In 1956, when A G Diwadkar scored 89.6% to top the matriculation exam, people were convinced that this was the peak. Fifty-five years later, 10 students have managed to score a perfect 100% in the state's Secondary School Certificate exam last week. Last year, the government discontinued the practice of announcing merit lists in order to reduce students' stress levels.
However, the scoring percentages have steadily risen to reach a full 100% in 2010. Educationists are worried that marks are becoming the be-all and end-all of schooling due to fierce competition and the competitive mark escalation of different boards, such as the national Indian Certificate of Secondary Education and Certificate and Central Board of Secondary Education, and the state Secondary School Certificate.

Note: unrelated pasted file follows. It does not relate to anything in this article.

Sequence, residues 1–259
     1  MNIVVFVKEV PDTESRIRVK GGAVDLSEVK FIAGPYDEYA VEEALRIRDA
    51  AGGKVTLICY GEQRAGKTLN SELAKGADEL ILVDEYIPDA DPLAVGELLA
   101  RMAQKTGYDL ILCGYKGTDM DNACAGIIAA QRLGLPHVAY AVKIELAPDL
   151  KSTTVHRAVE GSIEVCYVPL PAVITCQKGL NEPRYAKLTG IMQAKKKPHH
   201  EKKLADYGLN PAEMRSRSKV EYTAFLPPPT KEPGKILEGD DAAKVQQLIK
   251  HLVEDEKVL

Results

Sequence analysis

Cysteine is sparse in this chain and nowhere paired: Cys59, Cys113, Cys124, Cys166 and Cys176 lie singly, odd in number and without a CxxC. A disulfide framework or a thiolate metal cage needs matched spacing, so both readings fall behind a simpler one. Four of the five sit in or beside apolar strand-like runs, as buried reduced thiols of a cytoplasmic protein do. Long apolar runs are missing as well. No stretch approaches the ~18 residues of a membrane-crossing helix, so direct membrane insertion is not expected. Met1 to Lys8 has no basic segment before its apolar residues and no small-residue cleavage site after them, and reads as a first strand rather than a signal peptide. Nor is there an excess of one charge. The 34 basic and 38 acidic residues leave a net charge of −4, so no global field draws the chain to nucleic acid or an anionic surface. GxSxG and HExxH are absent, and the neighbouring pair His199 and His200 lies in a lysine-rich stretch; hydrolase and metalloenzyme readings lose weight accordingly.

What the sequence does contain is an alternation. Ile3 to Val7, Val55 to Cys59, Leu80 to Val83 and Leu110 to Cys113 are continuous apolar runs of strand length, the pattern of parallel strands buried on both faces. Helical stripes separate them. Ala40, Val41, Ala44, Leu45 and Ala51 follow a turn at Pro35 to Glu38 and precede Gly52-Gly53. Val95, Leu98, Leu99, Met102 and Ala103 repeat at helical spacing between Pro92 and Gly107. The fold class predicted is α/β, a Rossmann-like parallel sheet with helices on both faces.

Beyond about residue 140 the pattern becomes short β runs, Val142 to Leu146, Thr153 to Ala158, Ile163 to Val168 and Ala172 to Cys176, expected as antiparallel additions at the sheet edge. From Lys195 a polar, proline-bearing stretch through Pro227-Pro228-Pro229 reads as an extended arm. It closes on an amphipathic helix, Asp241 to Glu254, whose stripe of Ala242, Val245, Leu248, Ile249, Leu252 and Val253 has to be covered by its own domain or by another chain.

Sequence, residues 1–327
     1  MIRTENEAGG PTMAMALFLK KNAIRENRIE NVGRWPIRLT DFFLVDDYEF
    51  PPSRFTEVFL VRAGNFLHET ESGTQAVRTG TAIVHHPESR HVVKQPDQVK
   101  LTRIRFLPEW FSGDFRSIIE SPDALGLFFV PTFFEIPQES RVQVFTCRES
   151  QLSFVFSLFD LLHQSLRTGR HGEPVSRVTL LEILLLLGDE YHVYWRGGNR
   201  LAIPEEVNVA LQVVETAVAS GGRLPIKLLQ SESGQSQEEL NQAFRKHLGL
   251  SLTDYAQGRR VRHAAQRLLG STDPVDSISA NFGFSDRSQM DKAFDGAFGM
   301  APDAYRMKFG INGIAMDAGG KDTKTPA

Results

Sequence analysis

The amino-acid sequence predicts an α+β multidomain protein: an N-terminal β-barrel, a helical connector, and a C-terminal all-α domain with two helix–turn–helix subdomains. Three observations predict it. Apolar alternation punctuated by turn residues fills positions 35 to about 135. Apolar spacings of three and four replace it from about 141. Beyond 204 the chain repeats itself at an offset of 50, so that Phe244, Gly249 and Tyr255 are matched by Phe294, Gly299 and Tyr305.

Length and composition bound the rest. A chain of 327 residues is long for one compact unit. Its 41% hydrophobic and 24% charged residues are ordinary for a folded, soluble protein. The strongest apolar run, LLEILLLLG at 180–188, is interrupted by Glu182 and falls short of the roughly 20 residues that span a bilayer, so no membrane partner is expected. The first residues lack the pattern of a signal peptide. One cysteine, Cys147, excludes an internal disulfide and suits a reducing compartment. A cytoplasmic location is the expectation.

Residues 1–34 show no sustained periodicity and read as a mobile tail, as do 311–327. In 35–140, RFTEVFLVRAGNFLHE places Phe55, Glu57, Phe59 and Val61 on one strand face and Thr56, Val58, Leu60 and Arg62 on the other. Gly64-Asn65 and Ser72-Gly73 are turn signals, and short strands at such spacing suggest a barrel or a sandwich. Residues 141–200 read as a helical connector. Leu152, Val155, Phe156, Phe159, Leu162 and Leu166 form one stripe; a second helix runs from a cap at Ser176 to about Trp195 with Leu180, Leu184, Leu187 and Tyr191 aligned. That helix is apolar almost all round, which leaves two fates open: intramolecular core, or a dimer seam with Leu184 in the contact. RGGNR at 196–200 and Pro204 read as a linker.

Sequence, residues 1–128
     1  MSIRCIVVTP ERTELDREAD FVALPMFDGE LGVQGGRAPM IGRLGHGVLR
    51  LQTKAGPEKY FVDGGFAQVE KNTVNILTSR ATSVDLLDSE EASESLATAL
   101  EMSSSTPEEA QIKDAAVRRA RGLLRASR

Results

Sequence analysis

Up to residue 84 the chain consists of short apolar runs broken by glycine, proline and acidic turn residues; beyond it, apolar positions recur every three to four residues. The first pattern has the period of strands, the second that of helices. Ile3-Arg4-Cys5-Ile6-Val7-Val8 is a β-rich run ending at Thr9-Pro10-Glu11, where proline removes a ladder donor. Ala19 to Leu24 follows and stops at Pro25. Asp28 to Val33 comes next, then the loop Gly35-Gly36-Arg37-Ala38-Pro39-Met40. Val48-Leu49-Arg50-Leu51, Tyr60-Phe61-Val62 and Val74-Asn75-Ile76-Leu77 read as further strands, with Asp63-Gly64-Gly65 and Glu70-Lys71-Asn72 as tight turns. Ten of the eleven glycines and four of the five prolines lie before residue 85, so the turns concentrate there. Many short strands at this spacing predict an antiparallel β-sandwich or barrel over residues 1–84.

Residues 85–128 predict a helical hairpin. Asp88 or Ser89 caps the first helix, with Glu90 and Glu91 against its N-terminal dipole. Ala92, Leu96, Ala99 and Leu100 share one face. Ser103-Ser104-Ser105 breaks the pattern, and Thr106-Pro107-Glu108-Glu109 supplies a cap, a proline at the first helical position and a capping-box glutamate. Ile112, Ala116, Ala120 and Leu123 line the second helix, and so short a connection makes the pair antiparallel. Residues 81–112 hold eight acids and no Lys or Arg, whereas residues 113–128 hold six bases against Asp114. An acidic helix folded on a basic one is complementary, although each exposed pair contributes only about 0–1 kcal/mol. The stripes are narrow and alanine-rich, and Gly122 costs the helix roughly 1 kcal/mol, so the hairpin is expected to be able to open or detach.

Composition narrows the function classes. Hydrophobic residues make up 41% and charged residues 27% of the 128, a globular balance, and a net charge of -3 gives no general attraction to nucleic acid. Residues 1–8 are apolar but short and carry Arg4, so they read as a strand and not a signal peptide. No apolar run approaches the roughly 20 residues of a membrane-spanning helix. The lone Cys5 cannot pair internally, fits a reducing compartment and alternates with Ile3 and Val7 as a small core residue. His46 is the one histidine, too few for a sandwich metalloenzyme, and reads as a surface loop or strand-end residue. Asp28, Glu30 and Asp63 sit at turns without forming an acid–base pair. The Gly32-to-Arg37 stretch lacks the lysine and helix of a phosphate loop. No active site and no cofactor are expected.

In the past five decades, everything from ambitions to study habits has undergone a dramatic change. Diwadkar and Hemchandra Pradhan, toppers from 1956 and 1961, stress the importance of learning and understanding over scoring.
However, Anisha Motwani and Prathamesh Jain, who scored 100% this year, say their marks will give them choices and allow them to pick the college and stream of their choice. "The marks are only a means for me to reach my goal of getting admission to the science stream, which takes me closer to my IIT dreams," Jain says.
"Parental pressure and hectic performance-oriented coaching classes have added to the race," says Sulekha Save, retired principal of Balmohan High School in Mumbai, which has consistently produced high-scoring students. Members of the older generation swear by their dedicated teachers and the idealistic, informal grooming they received. The new generation, on the other hand, chasing marks, juggles private tuitions and extracurricular activities and writes numerous competitive exams to make the cut.